My Mum’s Christmas Pudding Recipe.
We’re quite traditional with our Christmas meal but, our Christmas pudding is a little different. A lot of people don’t like it; it can be dense, have lots of crunchy currants, taste burnt or overdone and perhaps seem steeped in too much alcohol. That’s the difference, though similar in some ways, my mum’s Christmas pudding recipe is light, full of juicy, tasty fruit and in no ways does it taste burnt or overly alcoholic.
This recipe has been handed down through the Yorkshire generations from my grandmother, to my mum and on to me and my siblings. Everyone loves it and we’ve converted people who were very anti-Christmas pudding to our version over the years.
You might think it looks complicated, but it’s not really, in essence everything gets put into one large bowl.
- 4 oz self-raising flour
- 4 oz breadcrumbs
- 4 oz suet or margarine
- 4 oz currants (but you can substitute with other dried fruit - try apricots)
- 4 oz raisins
- 4 oz sultanas
- 2 oz mixed peel (you can also use glacé cherries)
- 3 oz demerara sugar (or normal white granulated if necessary)
- 1 oz chopped nuts
- ½ - 1 medium/large grated apple (or carrot)
- ½ - 1 medium/large lemon (rind and juice)
- 2 eggs
- 2 tbsp marmalade (or Golden Syrup)
- ⅛ pt milk
- 1 tsp salt
- 2 tsp mixed spice
- 2 tsp grated nutmeg
- Mix the flour, sugar, breadcrumbs and suet. Add all the peels, dried fruit, nuts and apple. Mix well and add salt and spices.
- Beat the eggs and add to the dry mixture with the lemon juice, milk and marmalade.
- Mix thoroughly adding more liquid if necessary.
- Line your basin just at the base with a circle of greaseproof paper. Pour your mixture into the basin and cover the top with a double layer of greaseproof paper and foil pleated in the middle, which will allow the pudding to expand while cooking. Tie the greaseproof paper on with string around the rim or lip of the bowl and I'd also recommend tying a handle on to the string around the rim to make it easier to lift in and out of the pan.
- Steam for 3 hours. Remember to make sure you keep your basin off the bottom of the pan, by using a saucer or a batch of scrunched up foil. Make sure the pan doesn't boil dry. Keep your eye on it and check regularly. Take a look at the links below if you haven't steamed a pudding before.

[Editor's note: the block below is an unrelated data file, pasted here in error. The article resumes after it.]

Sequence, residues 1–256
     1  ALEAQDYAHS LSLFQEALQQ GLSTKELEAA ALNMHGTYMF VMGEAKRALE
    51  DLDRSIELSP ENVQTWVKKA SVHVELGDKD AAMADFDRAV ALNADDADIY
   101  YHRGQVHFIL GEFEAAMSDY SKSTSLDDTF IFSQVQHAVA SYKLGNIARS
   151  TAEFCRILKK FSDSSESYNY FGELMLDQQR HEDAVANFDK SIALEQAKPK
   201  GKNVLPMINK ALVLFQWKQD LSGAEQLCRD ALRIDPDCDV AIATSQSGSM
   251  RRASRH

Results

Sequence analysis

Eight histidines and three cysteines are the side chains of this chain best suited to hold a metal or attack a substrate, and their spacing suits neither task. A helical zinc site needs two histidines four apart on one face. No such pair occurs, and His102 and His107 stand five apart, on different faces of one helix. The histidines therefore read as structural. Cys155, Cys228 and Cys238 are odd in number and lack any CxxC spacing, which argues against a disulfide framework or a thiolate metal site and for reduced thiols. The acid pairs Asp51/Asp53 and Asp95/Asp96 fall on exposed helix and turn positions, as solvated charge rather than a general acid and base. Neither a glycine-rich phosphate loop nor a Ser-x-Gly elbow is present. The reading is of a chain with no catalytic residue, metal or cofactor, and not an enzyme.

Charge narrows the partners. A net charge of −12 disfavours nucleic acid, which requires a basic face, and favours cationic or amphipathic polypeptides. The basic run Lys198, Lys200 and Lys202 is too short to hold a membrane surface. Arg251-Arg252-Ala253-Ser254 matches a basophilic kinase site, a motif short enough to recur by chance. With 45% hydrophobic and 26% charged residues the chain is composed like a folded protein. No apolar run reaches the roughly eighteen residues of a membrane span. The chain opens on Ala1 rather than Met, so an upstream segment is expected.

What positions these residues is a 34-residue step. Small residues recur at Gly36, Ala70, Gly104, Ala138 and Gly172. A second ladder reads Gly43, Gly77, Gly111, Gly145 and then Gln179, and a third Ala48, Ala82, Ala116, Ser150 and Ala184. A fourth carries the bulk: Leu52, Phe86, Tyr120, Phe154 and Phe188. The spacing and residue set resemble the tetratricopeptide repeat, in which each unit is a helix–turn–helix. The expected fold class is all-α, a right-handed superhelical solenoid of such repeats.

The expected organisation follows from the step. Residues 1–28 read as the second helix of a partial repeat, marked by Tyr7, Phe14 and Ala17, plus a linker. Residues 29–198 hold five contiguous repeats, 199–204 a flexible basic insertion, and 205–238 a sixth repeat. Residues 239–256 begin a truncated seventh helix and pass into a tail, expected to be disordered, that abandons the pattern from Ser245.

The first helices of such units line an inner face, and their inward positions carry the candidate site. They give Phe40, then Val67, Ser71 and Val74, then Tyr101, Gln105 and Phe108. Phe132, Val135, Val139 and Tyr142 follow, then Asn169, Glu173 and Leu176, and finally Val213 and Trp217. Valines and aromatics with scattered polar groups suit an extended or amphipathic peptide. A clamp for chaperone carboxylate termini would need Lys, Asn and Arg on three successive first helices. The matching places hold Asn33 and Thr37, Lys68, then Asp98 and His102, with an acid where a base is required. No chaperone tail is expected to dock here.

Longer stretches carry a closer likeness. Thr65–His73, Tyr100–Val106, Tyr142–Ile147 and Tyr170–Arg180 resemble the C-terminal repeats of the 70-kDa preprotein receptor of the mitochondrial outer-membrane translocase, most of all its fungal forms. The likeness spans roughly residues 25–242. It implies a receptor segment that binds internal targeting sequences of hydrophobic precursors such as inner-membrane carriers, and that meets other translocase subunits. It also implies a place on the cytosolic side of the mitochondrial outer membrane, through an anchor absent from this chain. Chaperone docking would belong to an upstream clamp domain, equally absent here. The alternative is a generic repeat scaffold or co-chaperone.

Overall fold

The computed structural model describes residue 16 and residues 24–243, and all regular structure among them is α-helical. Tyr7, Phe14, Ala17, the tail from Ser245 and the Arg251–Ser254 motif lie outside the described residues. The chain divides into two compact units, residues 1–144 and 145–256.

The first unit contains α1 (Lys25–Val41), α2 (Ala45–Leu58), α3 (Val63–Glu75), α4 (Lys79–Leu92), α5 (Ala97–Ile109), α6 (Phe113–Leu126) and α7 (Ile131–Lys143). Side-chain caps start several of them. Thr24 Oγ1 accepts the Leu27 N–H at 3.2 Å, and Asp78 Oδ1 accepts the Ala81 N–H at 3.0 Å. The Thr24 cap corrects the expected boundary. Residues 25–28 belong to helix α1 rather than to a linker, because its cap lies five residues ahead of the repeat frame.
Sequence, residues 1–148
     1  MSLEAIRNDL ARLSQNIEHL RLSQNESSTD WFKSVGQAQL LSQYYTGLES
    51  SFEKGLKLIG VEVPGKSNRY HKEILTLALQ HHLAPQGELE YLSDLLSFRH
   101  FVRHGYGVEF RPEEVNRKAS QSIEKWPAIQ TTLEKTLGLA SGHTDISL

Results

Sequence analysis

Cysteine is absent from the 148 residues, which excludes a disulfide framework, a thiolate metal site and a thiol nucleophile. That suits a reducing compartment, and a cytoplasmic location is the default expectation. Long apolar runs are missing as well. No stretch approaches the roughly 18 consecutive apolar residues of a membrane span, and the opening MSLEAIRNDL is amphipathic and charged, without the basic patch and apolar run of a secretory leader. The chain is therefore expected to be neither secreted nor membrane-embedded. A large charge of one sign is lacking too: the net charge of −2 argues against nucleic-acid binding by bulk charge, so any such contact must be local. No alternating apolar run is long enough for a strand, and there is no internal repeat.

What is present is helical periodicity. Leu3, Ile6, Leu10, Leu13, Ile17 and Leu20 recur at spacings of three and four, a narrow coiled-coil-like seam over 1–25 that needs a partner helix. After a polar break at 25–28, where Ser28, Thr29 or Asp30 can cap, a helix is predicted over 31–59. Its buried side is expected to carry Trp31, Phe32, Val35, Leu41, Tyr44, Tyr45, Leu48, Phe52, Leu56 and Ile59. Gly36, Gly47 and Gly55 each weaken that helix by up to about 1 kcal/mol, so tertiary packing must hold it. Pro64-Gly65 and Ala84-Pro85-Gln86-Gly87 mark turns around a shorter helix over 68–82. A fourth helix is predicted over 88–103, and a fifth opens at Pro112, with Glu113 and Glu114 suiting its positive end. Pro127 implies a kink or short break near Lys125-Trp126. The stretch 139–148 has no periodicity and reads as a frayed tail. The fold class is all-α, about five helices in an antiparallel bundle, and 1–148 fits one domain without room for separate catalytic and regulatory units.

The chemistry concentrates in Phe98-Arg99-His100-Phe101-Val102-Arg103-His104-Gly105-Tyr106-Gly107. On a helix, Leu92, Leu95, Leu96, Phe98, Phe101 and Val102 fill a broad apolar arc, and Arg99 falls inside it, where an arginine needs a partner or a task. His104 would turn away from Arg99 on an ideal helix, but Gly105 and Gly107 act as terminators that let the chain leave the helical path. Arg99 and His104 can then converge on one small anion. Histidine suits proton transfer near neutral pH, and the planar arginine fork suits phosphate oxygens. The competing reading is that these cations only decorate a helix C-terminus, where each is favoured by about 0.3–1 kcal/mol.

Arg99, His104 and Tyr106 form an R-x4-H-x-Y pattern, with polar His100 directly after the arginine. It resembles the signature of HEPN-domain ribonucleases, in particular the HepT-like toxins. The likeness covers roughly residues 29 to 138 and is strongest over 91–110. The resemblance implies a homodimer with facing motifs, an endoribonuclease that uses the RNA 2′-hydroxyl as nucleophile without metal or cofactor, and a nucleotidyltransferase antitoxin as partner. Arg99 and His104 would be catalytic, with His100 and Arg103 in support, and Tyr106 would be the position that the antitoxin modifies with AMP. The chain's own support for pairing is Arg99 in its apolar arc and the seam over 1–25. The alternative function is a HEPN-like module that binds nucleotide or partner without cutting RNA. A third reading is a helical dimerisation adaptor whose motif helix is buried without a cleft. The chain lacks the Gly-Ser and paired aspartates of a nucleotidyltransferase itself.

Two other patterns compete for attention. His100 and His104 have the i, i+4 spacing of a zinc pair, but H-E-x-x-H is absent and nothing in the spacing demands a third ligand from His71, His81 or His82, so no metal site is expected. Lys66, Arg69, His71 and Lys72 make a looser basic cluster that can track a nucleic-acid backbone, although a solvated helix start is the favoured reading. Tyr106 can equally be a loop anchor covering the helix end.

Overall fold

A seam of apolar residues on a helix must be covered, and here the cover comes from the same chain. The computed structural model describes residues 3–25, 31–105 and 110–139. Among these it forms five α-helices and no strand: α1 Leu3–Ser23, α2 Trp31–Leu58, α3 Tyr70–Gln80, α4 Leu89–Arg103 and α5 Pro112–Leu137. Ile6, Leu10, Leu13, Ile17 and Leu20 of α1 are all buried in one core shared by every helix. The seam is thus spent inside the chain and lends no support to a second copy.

- Your pudding is now cooked and ready to store. Snip off the string and remove the used cooking papers. The beauty of a steamed pudding like this is that you can keep it wrapped in a cool dark cupboard for a few weeks ready for Christmas day, or make it months in advance and freeze it. We love it so much we usually make a double batch and freeze one.
- To reheat your pudding either steam it again for 1 hour, (using the same preparation methods for cooking, with new papers) or you can microwave it on 'High' for around 10 minutes for a 2-pint pudding, depending on your microwave.
Items you may need
This recipe makes one 2-pint pudding which serves about four, (four of us anyway). You’ll need a suitable basin that you can put in a pan of water and steam for a long time, that has a good lip or rim on it so you can tie string around it to hold the top on. We always use a 2-pint Pyrex bowl. You’ll also need greaseproof paper, aluminium foil, string, a large pan for steaming, a large mixing bowl and a wooden spoon.
If you’ve never made a steamed pudding before there are a couple of links below that take you to videos on the BBC Food website. The first shows you how to prepare your pudding to be steamed and the other on the steaming technique.
Join Lesley Waters for ‘How to’ prep your pudding and also steaming tips.
One lovely light, tasty, Christmas pudding, serve with a sweet, white sauce – that’s just a case of mixing sugar, cornflower and milk together and heating – or with a topping of your choice.
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